A Day Called X is a dramatized CBS documentary film set in Portland, Oregon, in which the entire city is evacuated in anticipation of a nuclear air raid, after Soviet bombers had been detected by radar stations to the north; it details the activation of the city’s civil defense protocols and leads up to the moment before the attack (the ending is left intentionally unknown). The operations were run from the Kelly Butte Bunker, which was the EOC during the time. It was filmed in September 1957 and aired December 8 of that year. Apart from presenter/narrator Glenn Ford, none of the people shown are actors. They are locals of Portland shown in their real jobs, including Mayor Terry Schrunk.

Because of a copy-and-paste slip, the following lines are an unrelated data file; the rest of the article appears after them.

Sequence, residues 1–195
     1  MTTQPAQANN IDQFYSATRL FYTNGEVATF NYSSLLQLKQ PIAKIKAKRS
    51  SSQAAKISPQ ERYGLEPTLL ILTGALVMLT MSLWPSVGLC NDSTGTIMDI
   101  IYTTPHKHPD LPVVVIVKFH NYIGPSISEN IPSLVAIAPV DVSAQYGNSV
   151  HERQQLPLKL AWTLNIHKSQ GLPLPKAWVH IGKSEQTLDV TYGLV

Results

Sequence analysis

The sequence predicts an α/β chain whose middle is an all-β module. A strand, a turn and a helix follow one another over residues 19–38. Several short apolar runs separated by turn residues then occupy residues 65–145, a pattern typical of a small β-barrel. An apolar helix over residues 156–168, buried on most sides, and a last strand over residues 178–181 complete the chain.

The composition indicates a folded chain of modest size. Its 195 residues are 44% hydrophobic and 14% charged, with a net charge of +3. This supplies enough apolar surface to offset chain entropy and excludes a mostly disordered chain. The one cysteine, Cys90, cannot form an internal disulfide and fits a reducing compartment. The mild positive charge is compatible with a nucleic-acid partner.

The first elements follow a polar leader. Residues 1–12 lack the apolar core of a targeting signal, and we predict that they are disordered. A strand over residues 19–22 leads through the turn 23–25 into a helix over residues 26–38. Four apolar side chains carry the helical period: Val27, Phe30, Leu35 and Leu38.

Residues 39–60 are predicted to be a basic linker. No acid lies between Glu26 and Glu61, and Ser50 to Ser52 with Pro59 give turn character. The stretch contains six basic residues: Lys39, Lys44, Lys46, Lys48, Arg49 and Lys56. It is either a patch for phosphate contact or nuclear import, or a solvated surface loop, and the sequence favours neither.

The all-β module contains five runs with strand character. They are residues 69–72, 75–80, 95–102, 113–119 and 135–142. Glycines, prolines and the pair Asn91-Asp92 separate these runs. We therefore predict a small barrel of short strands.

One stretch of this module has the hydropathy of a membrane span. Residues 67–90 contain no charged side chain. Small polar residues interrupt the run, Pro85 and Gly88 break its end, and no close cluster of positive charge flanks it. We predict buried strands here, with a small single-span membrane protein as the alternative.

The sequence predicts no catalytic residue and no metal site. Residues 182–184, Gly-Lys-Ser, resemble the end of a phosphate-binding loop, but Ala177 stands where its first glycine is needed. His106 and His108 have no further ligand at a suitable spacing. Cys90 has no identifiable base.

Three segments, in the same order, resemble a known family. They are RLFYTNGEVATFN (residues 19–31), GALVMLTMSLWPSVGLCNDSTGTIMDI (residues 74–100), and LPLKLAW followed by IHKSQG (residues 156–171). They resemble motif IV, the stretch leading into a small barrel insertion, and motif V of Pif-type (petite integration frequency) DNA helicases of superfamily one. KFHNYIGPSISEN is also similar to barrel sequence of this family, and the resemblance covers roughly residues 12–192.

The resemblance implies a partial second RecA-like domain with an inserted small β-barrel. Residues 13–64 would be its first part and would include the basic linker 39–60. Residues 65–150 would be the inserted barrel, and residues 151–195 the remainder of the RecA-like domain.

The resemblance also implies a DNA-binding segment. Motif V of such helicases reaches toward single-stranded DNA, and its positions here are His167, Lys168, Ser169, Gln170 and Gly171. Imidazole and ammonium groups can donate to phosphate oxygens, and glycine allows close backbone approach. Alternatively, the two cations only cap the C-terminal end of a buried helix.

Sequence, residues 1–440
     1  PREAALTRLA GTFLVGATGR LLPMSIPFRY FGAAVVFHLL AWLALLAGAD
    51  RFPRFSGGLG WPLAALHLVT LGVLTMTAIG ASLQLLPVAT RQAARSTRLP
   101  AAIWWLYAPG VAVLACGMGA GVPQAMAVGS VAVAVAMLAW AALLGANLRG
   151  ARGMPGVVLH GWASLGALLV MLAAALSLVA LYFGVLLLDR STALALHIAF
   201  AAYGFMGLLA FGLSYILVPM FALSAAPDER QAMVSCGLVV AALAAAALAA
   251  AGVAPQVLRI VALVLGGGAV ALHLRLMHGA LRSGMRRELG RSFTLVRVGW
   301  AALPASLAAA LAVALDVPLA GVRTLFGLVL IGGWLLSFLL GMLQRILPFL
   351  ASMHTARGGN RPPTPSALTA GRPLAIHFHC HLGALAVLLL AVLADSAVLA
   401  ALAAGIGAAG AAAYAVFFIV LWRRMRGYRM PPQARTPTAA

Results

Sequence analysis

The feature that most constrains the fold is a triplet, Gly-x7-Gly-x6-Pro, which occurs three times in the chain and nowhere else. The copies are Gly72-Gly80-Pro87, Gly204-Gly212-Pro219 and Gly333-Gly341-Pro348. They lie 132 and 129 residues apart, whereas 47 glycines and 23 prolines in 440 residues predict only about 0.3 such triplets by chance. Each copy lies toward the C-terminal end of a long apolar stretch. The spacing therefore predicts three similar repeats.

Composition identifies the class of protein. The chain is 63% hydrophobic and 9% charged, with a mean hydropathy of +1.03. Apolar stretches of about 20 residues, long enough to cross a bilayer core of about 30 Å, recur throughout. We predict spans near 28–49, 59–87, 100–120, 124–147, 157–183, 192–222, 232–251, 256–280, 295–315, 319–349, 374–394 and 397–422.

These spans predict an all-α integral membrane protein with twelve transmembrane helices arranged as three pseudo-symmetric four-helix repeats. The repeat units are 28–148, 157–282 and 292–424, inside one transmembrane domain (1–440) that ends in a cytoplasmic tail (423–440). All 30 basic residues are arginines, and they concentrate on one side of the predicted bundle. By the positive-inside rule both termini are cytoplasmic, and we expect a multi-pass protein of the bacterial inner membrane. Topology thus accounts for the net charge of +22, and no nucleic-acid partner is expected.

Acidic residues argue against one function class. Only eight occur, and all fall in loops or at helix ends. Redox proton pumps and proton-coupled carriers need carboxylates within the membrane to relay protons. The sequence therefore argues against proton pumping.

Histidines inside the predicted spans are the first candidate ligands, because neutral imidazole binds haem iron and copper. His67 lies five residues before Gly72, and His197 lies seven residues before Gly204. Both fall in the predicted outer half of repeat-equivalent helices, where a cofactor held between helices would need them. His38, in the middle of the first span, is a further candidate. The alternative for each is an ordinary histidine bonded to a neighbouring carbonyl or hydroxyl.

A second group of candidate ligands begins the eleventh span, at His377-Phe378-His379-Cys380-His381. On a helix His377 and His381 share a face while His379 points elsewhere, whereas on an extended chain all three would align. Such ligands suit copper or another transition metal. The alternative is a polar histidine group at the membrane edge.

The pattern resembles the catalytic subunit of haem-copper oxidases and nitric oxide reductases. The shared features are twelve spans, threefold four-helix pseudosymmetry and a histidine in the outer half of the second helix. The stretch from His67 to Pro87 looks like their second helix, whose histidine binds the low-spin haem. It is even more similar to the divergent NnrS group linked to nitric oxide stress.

The Day Called X: “Our problem,” said CBS Producer Harry Rasky, “was to take a dull subject and dramatize it.” Rasky’s subject: Civil Defense.
To inject it with drama, he had some 10,000 people in Portland, Ore., one of the U.S.’s 99 “critical targets,” go through the motions of mass evacuation on the day “enemy” aircraft approached from the Aleutians, The Day Called X. Rasky’s twelve-man technical crew, aided by publicity-eager federal Civil Defense experts and convoyed about the city by police motorcycle escort for three weeks, ably caught the mood of the day that began in an ordinary way. – Television Review December 16h 1957
Today we could hope that the city takes the looming Mega Earthquake as seriously as it once did the threat of nuclear war.